Closing Costs

Money Crashers

Buying a home can be a wonderful experience. But, it’s best not to spoil that experience with unexpected closing costs.

What are closing costs? Basically, these costs are expenses incurred when you buy or sell a home. Here is a definitive list of closing costs every first-time home buyer needs to be aware of before taking the plunge.

Calculate Closing Costs

On the day you close or a few days before, you will be given several documents to sign. Among these documents is your roadmap to closing costs: the closing disclosure statement. This statement outlines all of the expenses–and who pays for them–involved in the home sale.

This document will contain your full down payment, loan origination fees, the cost of home inspections/appraisals, deed recording, notary fees, private mortgage insurance premium if your lender requires it, and prorations.

What are prorations, you may wonder?

Seller Vs. Buyer Prorated Expenses

Prorations are a two-way street. For instance, if the home seller has paid property taxes or even filled up the propane tank a few weeks before you purchase the home, you owe the seller prorations and you need to pay back the seller for the money they put into the home. Homeowner association fees also fall into prorated expenses.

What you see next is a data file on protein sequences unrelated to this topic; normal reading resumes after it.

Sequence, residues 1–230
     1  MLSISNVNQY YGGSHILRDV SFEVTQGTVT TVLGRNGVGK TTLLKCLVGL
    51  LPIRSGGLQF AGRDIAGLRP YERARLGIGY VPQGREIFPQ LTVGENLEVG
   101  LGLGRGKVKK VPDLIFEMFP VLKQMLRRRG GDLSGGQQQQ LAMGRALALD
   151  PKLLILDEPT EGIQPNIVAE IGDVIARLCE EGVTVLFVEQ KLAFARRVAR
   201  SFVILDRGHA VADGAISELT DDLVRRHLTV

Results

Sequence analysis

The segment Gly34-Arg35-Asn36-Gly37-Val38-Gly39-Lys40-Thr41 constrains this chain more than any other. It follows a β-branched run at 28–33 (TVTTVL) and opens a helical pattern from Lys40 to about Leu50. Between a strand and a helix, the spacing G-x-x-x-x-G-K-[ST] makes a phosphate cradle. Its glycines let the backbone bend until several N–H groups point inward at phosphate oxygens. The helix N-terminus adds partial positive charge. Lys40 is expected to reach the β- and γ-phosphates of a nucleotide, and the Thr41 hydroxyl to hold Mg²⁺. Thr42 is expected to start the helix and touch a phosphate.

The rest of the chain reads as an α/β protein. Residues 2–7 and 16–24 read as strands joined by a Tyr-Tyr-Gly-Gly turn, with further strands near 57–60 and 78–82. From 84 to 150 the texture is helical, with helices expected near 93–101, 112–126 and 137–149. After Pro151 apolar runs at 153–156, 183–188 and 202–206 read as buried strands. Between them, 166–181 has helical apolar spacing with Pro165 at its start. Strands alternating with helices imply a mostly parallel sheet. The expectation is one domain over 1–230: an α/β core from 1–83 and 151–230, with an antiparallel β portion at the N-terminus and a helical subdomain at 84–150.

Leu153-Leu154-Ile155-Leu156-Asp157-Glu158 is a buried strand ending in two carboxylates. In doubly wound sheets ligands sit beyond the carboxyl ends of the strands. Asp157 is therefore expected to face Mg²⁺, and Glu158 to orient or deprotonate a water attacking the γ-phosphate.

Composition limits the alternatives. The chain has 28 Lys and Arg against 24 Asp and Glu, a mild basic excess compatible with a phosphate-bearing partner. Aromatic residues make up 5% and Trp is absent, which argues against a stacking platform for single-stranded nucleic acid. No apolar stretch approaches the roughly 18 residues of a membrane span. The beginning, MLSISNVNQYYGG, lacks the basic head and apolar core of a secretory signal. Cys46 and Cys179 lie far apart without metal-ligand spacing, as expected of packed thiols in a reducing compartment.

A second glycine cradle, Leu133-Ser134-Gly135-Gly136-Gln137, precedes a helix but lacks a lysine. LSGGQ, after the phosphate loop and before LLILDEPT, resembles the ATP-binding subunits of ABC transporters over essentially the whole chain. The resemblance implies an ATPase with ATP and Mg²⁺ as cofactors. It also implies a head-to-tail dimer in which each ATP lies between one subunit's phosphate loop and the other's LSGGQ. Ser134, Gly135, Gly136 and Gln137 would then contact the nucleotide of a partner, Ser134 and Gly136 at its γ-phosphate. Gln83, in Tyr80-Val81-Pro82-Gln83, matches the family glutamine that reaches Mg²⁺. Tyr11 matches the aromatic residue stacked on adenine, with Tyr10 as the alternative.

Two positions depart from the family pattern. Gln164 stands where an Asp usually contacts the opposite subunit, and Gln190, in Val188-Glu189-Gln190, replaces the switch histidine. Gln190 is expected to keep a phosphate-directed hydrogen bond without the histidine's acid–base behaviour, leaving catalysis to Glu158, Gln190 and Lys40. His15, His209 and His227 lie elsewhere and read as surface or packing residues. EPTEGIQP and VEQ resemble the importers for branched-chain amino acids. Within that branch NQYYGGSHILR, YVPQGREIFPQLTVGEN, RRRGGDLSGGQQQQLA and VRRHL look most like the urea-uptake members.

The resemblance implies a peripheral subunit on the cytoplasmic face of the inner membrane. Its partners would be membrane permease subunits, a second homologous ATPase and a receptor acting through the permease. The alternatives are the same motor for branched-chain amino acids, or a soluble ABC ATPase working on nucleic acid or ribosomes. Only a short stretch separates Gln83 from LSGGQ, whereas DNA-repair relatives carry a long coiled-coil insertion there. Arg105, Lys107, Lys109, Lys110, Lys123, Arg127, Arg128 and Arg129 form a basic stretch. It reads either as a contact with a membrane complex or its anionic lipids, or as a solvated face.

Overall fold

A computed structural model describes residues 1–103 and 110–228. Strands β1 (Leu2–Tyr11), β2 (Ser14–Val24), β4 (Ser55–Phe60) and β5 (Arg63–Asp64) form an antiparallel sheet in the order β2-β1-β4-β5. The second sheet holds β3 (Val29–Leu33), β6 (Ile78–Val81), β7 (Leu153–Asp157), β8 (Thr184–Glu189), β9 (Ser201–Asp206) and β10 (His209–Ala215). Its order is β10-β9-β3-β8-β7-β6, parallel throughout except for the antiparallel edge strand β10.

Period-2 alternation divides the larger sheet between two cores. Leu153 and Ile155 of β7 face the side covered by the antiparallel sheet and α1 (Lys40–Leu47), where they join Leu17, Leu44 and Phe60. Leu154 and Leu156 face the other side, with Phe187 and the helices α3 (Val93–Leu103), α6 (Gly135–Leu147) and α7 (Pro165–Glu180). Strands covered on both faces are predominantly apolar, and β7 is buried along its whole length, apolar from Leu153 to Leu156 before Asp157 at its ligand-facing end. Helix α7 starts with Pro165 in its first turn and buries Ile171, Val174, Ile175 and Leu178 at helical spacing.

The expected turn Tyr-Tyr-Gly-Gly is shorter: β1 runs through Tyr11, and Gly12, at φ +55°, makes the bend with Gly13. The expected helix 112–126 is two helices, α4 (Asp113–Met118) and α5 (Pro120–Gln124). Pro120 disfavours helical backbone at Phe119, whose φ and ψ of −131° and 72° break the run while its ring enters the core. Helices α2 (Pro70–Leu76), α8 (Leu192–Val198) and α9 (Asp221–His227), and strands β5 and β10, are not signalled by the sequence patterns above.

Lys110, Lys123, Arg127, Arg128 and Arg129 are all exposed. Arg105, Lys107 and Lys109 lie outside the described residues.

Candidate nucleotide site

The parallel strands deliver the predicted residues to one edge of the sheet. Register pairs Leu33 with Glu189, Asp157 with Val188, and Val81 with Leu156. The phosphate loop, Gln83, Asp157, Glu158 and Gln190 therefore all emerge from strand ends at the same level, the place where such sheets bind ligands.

On the other hand, home buyers may be owed prorations in some scenarios. For example, if the electric company sends a new homeowner a bill for the previous month, and the seller had occupied the house during that previous month, the seller would then owe the home buyer the difference for the energy they used. The closing cost statement should outline the specific number of days each person was the owner of the home.

Up Front Property Taxes And Insurance

Often times, lenders collect money for taxes and insurance with the mortgage payment and use it to pay those bills for you. This is an act where lenders are protecting their investment. If a new homeowner does not buy home insurance, the home could be damaged or burn down and be worth less than what the new homeowner owes to the lender.

These closing costs can even vary depending on where you live, as you’ll see next.

Closing Costs By Location

In about 20 states, a lawyer is required to close on a real estate transaction. Even if your state does not require a lawyer to handle the transaction, you may choose to do so anyway. Either way, this will bump up your closing costs even more. Fun fact: In California, real estate closings are handled through escrow companies usually chosen by the seller.

Some Closing Costs Can Be Negotiable, But Not Many Of Them

Some fees have wiggle room. Others do not. For instance, the fee for a title search is mandatory and you definitely want to know if the home you are buying has a clear title. No wiggle room with taxes, either. However, you may find mortgage origination fees that are less expensive if you shop around for a mortgage. Closing at the end of the month will also help you pay less loan interest, as they are billed per diem.

Happy home buying!